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Offline stevusmagnus

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The Contents of the Doctrinal Preamble?
« on: September 20, 2011, 05:06:07 PM »
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  • From Messa in Latino (trans. Rorate Caeli, since removed):

    The content of the Preamble, which at the end of the day is a somewhat synthetic document, can be essentially summed up in two points. We begin with the second one because it is a simple thing: to say it in broad terms, the FSSPX must modify its tone and express whatever it wishes to say in a respectful and filial way, as well as collaborate loyally with all the other structures of the Mystical Body. In clerical-theological level, that is defined as 'sentire cum ecclesia'.

    The first point of the preamble, instead, the most important one, is the re-proposition of the content of canon 750 of the CIC [Code of Canon Law], that is, the need for a Catholic to accept the magisterial teaching according to the degrees of assent sanctioned by that canon and by the Apostolic Letter Ad tuendam fidem, of John Paul II. To sum it up, there are diverse degrees of binding of magisterial teaching: as an Explanatory note of then-Cardinal Ratzinger, as Prefect of the Congregation for the Doctrine of the Faith, clarified, there are truths that the Church proclaims as divinely revealed, and that are thus unchanging, and to be received with "theological faith". Whoever does not believe in it is not a Catholic. Such are, for instance, the dogmas of faith, regarding which, in any event, the SSPX has no problem (Bishop Fellay exemplified it with the dogma of the Trinity). An equal assent of firm faith (and equally non-problematic for the FSSPX) concerns those doctrines on faith and morals not directly founded on Scripture, but taught by the Church infallibly, either because proclaimed thus or because always repeated by the Magisterium. Examples of the latter (read in the explanatory note itself) include the impossibility of female ordination, the prohibition of euthanasia, the canonization of saints.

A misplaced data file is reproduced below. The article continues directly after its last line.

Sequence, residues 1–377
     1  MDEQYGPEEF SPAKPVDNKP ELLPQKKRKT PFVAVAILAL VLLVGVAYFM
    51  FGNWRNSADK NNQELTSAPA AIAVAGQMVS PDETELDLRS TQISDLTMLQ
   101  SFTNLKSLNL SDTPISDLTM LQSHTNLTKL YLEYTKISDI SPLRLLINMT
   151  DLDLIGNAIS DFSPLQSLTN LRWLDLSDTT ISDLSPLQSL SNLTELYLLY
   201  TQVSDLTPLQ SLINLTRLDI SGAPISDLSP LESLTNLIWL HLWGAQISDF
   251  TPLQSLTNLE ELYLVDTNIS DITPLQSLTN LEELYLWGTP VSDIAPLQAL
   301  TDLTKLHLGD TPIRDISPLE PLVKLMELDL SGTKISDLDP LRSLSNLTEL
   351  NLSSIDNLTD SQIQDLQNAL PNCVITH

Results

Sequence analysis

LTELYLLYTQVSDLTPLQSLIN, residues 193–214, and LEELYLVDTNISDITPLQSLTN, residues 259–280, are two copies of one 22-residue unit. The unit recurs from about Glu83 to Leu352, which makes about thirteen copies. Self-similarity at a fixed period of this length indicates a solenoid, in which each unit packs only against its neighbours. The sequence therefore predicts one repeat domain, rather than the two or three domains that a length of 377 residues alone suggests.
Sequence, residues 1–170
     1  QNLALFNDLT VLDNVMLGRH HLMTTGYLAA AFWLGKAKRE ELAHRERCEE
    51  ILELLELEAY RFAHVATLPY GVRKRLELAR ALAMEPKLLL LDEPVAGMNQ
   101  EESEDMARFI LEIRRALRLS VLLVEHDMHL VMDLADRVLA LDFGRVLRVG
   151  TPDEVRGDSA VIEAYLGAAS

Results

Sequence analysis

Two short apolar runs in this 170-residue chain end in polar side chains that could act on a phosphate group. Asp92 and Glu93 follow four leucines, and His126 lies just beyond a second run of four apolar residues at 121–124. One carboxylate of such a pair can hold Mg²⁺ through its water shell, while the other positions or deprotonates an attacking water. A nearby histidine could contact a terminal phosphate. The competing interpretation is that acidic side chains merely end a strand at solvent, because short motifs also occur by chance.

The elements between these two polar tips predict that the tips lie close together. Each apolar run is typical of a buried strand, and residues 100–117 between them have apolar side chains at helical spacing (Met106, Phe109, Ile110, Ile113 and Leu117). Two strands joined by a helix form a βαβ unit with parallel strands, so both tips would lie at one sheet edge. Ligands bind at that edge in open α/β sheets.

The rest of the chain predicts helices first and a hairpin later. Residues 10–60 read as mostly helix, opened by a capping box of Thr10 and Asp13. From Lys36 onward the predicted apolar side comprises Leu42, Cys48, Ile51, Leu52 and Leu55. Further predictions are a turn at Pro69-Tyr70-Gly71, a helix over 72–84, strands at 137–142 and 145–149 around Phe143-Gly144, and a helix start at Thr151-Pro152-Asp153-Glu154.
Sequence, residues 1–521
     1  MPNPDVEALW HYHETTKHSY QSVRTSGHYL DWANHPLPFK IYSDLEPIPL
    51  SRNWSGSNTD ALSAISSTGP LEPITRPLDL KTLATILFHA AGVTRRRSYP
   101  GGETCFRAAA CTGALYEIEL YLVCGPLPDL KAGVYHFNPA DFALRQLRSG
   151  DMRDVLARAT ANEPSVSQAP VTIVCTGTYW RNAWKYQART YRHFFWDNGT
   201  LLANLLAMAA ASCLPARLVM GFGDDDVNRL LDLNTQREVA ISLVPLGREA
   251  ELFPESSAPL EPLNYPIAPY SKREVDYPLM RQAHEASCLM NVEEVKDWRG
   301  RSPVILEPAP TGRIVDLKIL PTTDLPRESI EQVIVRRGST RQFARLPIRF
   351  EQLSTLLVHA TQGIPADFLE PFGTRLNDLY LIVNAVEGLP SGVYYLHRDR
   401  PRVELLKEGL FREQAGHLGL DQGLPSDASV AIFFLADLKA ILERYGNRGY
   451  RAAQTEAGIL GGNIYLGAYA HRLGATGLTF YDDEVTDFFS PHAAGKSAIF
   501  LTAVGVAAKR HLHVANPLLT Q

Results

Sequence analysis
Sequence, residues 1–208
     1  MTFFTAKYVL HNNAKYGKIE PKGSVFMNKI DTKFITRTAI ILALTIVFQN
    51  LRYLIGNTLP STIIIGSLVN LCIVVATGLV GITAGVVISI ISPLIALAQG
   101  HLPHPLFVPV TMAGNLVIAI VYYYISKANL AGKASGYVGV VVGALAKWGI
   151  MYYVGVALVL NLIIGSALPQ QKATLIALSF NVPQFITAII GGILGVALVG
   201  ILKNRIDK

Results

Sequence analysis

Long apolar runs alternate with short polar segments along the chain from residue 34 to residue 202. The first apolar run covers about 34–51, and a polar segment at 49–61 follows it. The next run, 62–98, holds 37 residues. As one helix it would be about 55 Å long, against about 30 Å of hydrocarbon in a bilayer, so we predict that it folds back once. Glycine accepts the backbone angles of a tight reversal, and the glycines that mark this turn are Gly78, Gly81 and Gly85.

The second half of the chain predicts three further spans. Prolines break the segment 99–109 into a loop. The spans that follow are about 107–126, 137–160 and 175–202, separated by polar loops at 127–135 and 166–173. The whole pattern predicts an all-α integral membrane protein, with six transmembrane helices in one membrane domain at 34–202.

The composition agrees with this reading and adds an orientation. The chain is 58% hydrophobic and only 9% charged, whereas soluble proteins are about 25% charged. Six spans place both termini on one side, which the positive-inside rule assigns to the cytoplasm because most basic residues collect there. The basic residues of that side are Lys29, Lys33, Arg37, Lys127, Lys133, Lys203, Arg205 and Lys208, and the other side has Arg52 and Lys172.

Those teachings of the Magisterium of the [Supreme] Pontiff or of the College of Bishops which require mere 'religious assent of mind and intellect' are those that are not definitive (perhaps because they contradict preceding teachings: one could consider - the example is ours [Messa in latino's] - the prohibition of loans with interest). The Note of the Congregation for the Doctrine of the Faith prudently avoids mentioning examples of any kind, perhaps because it would be as if minimizing the teachings that might have been listed in this category. The fact is that the most controversial teachings of the Council, as also [of] the subsequent Magisterium that has repeated those teachings, could not rise up ... to a binding level above this one, considering that the Council declared its will not to define any new "truth" and that the very fact of being propositions, if not in "rupture", at least "reforming" the previous Magisterium, they are necessarily deprived of any character of definitiveness.

    In practice, it is asked of the Fraternity to sign the profession of faith which every Catholic must hold; it seems pretty feasible. But some could fear that this obligation of "religious assent of mind and intellect", if applied to certain Conciliar teachings, could curtail, even if it would not nullify (under certain conditions, it is possible to dissent - but not loudly - from non-definitive teachings), the right of criticism to the Council. And here is the great innovation.

    As the official communiqué of the Holy See reports, the Preamble leaves "open to legitimate discussion the study and theological explanation of particular expressions and formulations present in the texts of the Second Vatican Council and of the Magisterium that followed it." Let it be noted that the object of this discussion, which is expressly recognized as "legitimate", is not merely the interpretations of the documents, but the very texts of the latter: the "expressions or formulations" used in the conciliar documents. If the words used in the preamble, and thus in the official communiqué, have a sense, there is here a Copernican revolution in the approach to the Council: that is, the displacement from a mere exegetical level to a substantive one.

     

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